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7 Design Habits of Successful Pool and Landscape Designers

Noah Nehlich on Apr 28, 2016 5:00:00 AM

If you’ve been in the industry for awhile — or even if you’ve just been checking out some of the case studies we’ve shared — you've probably noticed just how many different routes to success there can be.

But what is it that really distinguishes the good from the great, the truly successful from those just chugging along?

We’ve seen some incredible ways the most successful pool and landscape designers and salespeople are using 3D design work to not just sell a project but also to keep clients happy and make sure builds go smoothly. 

To get there, you don’t need the artistic skills of Michelangelo, the likability of Dale Carnegie, or the ruthlessness of Gordon Gekko. You just need the drive to create something awesome for your clients — and the right tools that’ll help you along the way.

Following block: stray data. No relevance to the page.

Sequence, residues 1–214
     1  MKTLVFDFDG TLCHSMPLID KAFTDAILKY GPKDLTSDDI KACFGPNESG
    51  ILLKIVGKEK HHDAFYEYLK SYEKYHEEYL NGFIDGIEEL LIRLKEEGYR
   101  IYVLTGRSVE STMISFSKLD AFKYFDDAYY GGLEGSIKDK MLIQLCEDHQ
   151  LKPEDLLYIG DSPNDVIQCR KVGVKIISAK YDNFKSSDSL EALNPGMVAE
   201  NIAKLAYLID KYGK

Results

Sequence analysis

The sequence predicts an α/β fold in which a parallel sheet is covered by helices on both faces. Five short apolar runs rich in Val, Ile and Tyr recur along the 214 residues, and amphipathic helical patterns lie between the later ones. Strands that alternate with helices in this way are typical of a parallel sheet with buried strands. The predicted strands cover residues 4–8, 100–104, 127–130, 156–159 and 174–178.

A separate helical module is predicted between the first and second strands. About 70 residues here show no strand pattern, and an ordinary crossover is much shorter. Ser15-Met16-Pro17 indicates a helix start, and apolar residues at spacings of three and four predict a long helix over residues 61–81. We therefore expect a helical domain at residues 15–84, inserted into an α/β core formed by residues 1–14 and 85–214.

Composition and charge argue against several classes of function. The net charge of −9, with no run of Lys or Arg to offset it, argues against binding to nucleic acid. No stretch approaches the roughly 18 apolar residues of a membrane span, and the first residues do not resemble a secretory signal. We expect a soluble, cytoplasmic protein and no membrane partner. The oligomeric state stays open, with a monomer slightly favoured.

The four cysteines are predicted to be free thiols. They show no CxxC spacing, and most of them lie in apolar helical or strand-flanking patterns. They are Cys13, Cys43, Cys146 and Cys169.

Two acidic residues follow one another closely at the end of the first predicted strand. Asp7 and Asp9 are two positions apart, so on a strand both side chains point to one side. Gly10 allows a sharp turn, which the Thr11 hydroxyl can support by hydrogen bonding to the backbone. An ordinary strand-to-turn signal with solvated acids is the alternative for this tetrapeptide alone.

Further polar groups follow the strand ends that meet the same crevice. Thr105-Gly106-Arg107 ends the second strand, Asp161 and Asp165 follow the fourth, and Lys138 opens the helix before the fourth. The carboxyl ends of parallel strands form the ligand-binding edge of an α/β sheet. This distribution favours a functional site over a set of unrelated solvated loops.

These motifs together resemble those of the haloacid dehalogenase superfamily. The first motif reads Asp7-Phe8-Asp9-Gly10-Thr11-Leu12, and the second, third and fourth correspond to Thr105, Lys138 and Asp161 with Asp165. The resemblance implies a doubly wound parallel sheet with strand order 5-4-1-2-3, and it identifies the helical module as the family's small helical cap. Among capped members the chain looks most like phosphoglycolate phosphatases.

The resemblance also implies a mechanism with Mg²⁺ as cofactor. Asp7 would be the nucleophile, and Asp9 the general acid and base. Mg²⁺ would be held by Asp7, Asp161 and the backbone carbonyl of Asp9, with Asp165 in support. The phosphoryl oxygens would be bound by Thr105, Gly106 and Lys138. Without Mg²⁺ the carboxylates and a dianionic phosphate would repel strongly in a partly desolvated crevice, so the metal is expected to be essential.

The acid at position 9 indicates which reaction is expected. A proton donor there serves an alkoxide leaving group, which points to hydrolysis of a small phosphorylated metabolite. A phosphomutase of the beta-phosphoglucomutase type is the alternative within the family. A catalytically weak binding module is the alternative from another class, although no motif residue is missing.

Want to create (more) awesome work while improving your numbers, too? Here are seven ways designers are creating amazing results:  


1. Start with a project baseline (like GIS)

How do you figure out what to offer your client? The most straightforward sales advice really does work: ask the right questions and listen attentively.

But sometimes, no matter how attentive you are, clients just don’t know how to put what they want into words. And that’s where your skills come into play.

One approach that works, whether or not your clients have articulated what they really want: assessing the location before you meet.

Being able to assess a location in advance means you’ll start your meeting with a good feel for the property, the home, and the neighborhood. Chances are, there’s a lot to be learned — everything from the style of their house to the challenges of their terrain. Scouting a location gives you the opportunity to note details that’ll help you as you not just start to plan your proposal but also plan out good leading questions that’ll encourage your client to open up about what they really want — and what problems they really need fixed.

Start with GIS

2. Design on the Grid

Precision, accuracy. These aren’t just keywords. Moving smoothly from planning your design to making your presentation to completing the build requires finished plans you can actually rely on.

One mistake we often see: designs where the designer either didn’t use a grid or started designing with grid snap off.